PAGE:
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Mr. Stephen O'Brien: To ask the Secretary of State forEducation and Skills what the Government Capital Reserve in the Learning and Skills Council Annual Report and Accounts 200405 is; and what guidelines cover its use. 
I have overall responsibility for the Learning and Skills Council (LSC). However the operations of the LSC are managed and overseen by Mark Haysom, the LSC's Chief Executive. Details of the LSC's Statutory Accounts and the guidelines and policies they use for the Government Capital Reserve are a matter for the LSC. Mark Haysom has written to the hon. Member with information and copy of his reply has been placed in the House Library.
16 Jan 2006 : Column 1026W
I refer to your recent parliamentary questions in which you asked the Secretary of State (a) what the donated asset reserve in the Learning and Skills Council (LSC) Annual Report and Accounts 200405 is and what guidelines cover its use (b) what the Government Capital Reserve in the LSC Annual Report and Accounts 200405 is and guidelines cover its use. I am pleased to provide the following information answering your questions below.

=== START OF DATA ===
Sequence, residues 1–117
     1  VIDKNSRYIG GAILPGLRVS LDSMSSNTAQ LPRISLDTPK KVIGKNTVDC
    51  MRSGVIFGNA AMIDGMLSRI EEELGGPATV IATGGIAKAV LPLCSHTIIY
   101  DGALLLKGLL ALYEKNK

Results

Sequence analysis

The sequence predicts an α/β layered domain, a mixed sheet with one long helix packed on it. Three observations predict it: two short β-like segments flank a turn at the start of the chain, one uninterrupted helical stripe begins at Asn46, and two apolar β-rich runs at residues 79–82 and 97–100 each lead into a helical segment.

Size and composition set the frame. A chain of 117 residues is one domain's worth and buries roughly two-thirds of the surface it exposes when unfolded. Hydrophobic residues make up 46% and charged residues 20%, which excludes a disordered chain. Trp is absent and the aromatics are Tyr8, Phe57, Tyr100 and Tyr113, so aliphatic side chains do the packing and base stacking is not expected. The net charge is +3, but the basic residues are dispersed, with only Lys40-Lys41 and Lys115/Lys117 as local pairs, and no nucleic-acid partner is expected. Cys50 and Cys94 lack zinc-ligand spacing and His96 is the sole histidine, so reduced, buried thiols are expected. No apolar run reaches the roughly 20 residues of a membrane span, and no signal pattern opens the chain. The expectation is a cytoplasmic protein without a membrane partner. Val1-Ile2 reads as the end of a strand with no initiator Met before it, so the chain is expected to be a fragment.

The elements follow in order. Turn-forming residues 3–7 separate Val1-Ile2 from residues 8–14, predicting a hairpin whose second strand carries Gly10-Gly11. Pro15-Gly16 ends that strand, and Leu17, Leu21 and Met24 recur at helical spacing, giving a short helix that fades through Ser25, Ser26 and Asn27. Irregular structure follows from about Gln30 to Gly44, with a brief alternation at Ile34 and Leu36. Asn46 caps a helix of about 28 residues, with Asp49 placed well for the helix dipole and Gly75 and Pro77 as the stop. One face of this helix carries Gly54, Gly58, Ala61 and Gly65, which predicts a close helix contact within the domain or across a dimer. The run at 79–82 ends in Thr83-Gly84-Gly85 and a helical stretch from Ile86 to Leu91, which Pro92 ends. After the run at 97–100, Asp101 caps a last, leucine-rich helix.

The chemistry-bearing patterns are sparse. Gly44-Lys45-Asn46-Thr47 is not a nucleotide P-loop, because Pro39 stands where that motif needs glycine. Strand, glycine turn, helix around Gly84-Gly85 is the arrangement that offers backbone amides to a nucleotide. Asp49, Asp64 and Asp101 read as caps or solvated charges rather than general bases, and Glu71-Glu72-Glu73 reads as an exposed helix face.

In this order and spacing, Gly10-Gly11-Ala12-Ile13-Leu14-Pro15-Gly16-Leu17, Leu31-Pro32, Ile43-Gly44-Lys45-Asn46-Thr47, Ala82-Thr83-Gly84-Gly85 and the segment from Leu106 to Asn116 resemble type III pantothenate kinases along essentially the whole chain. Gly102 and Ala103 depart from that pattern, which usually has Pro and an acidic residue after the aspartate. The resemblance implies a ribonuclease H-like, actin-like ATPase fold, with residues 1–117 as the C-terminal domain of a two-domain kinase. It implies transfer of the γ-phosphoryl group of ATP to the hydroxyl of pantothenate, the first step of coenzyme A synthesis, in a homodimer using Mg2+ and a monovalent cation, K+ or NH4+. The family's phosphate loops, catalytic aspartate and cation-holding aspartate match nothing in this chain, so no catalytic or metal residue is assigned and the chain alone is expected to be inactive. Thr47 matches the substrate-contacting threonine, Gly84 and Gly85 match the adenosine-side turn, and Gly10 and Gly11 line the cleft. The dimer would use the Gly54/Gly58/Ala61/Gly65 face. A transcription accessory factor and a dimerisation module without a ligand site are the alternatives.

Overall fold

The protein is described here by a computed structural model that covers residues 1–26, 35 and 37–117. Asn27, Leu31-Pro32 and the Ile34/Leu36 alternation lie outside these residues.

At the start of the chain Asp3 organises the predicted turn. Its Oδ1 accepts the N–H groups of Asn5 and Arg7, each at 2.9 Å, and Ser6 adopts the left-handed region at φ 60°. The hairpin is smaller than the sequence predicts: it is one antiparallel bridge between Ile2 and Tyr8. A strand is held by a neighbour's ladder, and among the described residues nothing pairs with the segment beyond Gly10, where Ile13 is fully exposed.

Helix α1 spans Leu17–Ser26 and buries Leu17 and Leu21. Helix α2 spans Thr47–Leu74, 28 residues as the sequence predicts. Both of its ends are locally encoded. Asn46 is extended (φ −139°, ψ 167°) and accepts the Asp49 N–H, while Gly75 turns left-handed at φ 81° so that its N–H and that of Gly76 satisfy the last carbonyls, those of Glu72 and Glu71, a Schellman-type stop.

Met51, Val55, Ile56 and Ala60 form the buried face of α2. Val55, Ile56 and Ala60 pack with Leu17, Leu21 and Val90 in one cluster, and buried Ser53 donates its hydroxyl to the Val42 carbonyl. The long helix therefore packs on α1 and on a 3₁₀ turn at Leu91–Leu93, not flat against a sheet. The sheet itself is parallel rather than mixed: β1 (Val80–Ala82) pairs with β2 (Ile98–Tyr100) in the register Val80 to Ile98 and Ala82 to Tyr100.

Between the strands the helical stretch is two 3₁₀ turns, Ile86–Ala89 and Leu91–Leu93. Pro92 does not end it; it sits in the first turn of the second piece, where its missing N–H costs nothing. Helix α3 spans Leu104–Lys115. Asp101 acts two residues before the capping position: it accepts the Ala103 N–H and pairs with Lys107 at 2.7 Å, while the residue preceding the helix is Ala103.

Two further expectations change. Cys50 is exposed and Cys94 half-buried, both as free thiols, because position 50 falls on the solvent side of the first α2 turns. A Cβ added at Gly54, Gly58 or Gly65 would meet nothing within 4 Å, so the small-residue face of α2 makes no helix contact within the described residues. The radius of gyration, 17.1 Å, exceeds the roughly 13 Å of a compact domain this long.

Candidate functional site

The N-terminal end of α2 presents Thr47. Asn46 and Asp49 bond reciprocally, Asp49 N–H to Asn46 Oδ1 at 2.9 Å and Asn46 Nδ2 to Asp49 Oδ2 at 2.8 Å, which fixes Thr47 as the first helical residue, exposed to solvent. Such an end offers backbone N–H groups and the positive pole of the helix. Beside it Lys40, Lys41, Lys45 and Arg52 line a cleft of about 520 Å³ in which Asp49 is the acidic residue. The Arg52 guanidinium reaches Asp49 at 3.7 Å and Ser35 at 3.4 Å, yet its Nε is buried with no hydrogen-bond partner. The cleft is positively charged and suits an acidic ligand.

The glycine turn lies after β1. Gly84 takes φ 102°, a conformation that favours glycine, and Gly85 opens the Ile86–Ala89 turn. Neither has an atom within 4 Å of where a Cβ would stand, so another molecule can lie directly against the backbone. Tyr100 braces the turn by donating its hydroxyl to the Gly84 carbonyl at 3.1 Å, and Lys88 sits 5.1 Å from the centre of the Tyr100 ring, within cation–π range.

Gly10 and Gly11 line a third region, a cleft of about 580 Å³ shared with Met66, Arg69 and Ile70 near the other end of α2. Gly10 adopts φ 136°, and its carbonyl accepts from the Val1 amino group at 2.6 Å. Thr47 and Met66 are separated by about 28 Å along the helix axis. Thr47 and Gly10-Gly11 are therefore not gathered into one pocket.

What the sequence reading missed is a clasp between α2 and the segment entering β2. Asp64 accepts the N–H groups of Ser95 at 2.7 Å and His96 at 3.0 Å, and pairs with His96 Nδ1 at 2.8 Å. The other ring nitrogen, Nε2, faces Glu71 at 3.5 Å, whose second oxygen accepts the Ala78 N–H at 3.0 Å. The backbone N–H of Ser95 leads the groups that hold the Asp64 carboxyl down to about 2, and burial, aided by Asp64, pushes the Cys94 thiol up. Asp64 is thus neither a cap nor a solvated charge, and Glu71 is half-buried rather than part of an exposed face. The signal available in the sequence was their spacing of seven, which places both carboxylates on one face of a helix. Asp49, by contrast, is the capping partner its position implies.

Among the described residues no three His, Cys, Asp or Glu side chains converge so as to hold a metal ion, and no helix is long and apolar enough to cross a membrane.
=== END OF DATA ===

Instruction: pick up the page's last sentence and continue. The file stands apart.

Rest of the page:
The Donated Asset Reserve reflects the current net book value of the fixed assets transferred to the LSC from the Training and Enterprise Councils (TECs) when the LSC was set up. The Executive Non-Departmental Public Bodies (NDPBs) Annual Reports and Accounts Guidance for 200405 provides further detail on the accounting for this reserve. The Government Accounting manual covers the management of assets.
The Government Capital Reserve reflects the current net book value of fixed assets acquired by the LSC. The Government Capital Reserve is credited with the amount of the grant that equates to the asset's acquisition cost. Notes 9 and 10 to the accounts provide further details on the fixed assets of the LSC. The Executive NDPBs Annual Reports and Accounts Guidance for 200405 provides further detail on the accounting for this reserve. The Government Accounting manual covers the management of assets.